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"Jesus Christ,' It Was Smoky!

Holy smoke-or, at least, the smoke surrounding Jesus of Nazareth-has filled the Ford Center for the Performing Arts since "Jesus Christ, Superstar" held its first preview there Thurs., March 23. Although Actors' Equity Association claims there is no problem with the revival's use of the smoke, it has been thick enough to bring firefighters to the theatre more than once.

Four fire trucks arrived at the theatre's 43rd Street entrance around 9:10 pm during the first preview, after a lobby smoke detector reacted to the clouds of smoke billowing from the stage during the first act finale. The firefighters milled around on the sidewalk and conferred with backstage staff for about 10 minutes, then climbed back in their trucks and left the scene, apparently satisfied that there was no immediate peril to persons or property.

The scene was repeated less than an hour later, when the smoke detector reacted to smoke used for the second act finale.

A performer, speaking after the performance on condition of anonymity, said that the fog effect is making some cast members' throats sore, but a press spokesperson for the show said no actors have missed a performance or filed a complaint with Actors' Equity because of it. Equity Executive Director Alan Eisenberg verified that performers "had not notified us" about excessive smoke, and said the union checked out the situation Wed., March 29, after it received inquiries from Back Stage.

"A staff member went over to the theatre," Eisenberg said in a voice-mail message. "The company [of actors] didn't seem to be distressed about it when we went."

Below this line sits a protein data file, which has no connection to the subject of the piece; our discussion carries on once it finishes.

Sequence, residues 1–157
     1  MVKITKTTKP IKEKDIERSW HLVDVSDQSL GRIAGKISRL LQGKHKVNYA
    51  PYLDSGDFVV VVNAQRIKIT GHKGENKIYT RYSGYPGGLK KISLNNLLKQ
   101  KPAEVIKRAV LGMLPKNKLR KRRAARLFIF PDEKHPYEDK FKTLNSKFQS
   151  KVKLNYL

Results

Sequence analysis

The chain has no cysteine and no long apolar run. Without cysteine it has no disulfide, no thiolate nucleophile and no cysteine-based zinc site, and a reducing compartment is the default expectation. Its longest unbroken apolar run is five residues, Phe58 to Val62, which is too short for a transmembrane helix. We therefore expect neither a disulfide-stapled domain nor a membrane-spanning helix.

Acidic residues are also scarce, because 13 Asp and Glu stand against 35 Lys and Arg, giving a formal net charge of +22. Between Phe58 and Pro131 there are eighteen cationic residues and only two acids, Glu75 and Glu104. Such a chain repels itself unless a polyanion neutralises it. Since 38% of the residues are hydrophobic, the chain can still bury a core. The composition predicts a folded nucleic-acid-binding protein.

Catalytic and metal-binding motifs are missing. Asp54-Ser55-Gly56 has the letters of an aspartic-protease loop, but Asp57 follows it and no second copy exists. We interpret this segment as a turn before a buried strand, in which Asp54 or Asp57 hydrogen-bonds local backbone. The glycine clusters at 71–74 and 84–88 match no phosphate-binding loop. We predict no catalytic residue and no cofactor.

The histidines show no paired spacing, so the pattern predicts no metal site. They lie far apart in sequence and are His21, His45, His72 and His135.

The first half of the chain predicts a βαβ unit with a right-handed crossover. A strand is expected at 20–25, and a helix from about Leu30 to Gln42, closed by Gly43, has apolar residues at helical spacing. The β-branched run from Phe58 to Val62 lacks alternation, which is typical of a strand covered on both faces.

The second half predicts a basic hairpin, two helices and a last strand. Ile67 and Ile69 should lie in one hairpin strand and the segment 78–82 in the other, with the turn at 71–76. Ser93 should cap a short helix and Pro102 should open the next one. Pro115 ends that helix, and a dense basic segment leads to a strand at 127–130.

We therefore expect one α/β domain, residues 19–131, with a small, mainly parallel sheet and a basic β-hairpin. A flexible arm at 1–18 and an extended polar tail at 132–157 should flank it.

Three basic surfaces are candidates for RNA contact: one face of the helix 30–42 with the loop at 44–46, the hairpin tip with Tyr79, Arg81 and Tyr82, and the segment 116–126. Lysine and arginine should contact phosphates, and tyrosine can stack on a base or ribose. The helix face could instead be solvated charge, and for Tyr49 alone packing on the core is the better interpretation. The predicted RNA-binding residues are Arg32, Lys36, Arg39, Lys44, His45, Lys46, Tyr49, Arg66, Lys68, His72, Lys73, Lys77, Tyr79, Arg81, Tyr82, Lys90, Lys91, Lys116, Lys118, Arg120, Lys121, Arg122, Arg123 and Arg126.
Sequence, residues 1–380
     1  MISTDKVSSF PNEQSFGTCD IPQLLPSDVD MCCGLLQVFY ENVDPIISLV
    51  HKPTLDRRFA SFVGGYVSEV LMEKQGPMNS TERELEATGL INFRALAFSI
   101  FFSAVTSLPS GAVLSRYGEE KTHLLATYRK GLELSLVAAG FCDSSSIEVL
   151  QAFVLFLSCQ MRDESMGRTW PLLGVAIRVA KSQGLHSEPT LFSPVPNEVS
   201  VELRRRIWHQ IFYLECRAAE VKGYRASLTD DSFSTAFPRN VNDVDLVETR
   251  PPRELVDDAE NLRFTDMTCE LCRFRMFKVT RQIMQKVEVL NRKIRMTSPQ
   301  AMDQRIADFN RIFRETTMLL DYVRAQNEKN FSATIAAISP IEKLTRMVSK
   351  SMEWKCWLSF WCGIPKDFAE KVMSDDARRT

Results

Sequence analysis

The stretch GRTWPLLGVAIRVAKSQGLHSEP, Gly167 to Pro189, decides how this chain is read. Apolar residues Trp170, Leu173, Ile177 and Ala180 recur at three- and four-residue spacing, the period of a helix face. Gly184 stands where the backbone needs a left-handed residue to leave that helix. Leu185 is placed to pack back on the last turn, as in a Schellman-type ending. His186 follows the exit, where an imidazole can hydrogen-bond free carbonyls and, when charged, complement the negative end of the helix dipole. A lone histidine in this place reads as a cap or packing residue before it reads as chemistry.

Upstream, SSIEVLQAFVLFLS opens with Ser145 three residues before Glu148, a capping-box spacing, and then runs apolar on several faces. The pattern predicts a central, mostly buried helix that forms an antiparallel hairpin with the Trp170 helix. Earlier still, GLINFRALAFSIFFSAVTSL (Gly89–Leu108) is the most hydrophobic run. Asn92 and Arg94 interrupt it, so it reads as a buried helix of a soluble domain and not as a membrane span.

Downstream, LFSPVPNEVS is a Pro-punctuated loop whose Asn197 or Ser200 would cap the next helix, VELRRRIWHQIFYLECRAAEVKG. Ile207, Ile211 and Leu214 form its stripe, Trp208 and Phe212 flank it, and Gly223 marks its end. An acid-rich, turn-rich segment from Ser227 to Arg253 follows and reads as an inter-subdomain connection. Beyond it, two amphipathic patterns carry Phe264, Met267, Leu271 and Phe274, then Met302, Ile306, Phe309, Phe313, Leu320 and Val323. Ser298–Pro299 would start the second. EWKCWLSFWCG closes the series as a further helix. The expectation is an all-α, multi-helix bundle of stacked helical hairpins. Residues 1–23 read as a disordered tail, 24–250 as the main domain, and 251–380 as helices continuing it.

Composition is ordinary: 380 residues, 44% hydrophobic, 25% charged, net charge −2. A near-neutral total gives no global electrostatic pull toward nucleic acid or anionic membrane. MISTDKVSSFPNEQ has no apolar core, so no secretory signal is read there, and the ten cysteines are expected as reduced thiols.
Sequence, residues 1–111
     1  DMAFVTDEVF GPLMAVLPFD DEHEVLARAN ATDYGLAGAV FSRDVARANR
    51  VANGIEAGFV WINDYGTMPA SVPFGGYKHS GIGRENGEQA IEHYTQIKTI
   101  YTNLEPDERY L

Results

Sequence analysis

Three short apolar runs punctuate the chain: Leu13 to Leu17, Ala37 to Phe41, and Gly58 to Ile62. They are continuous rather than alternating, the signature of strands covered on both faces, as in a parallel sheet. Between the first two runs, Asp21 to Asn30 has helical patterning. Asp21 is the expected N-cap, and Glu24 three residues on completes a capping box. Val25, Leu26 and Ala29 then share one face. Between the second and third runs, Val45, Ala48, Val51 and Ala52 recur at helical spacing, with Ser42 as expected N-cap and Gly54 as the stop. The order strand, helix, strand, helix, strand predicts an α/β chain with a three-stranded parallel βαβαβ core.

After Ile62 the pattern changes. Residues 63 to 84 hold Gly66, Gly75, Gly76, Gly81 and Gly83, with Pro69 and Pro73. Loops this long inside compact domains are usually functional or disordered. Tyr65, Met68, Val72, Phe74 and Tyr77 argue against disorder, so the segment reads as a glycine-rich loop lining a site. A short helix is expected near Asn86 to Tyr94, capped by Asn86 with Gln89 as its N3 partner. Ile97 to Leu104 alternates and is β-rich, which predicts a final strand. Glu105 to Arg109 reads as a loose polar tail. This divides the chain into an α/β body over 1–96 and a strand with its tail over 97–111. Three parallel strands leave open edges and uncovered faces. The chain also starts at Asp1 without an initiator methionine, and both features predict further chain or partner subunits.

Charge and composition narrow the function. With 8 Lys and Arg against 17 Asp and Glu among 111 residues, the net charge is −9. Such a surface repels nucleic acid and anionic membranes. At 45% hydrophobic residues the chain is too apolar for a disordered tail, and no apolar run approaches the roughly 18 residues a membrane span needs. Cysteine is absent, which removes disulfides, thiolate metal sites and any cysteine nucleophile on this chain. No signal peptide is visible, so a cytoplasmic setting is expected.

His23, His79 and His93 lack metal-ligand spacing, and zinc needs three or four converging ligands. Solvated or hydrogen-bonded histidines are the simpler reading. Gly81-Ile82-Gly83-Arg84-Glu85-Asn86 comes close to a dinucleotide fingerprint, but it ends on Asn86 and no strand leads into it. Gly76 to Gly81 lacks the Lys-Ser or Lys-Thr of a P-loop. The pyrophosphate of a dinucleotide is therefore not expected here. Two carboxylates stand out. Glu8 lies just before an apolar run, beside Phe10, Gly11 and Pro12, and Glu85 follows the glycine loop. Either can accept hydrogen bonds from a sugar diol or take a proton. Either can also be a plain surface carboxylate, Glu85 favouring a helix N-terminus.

Calling the smoke issue "a non-story," Eisenberg acknowledged that "there had been a day or two where there was a great deal of smoke onstage which everybody realized had to be-and was-cut back."

He also said, "We have seen many, many, many shows that had a lot more smoke. That's hardly a test for if it's too much or too little, but we are satisfied that the amount onstage is not unusual or extraordinary or too much for the company."

It's the Pits

Eisenberg is correct in that "Superstar" is hardly alone in using the smoke effect. It is commonly used in Broadway musicals and even, although less often, in plays; Dame Edna enters to a cloud of it in her one-person show. The increasing use of smoke has led Equity, the League of American Theatres and Producers, and Local 802 (the musicians' union) to study its possible health risks. Since 1998, Dr. Jacqueline Moline of Mt. Sinai Hospital has spearheaded the study-conducted with Environ, a California-based consulting firm-with data on some 500 actors and stage managers. Moline now says she expects the results, originally scheduled for release last December, to come out this month.

Although she would not provide any details of the study's findings in advance of its release, she did say that it "found no life-threatening problems."

The study looked at the two more common types of fog effects: "smoke," which is usually produced by mixing glycol alcohols or glycerin with water and suspending the mixture in the air; and "haze," which is produced by suspending high-grade mineral oil. (Other options, less commonly used in professional theatre productions, are liquid nitrogen; misted plain water; and heated ammonium chloride-the effect used for the original Broadway production of "Jesus Christ, Superstar" in 1971, but now considered dirty and old-fashioned.)

Moline told Back Stage that "about 95" performers were examined before and after acting in scenes with fog and smoke, and that special attention was paid to where the actors were and what kind of action they were undertaking while breathing the stuff.

David Lennon of Local 802 told Back Stage he disagrees with Eisenberg's assessment that smoke on Broadway is a non-story, and pointed out that musicians are often trapped for hours in the pit, where treated air/alcohol mixtures (or ammonium chloride particles) are likely to settle. Some productions have "air-curtain systems" to keep the fog from seeping into the pit, but the majority do not-at least, so far. That may change with the release of Moline's study.

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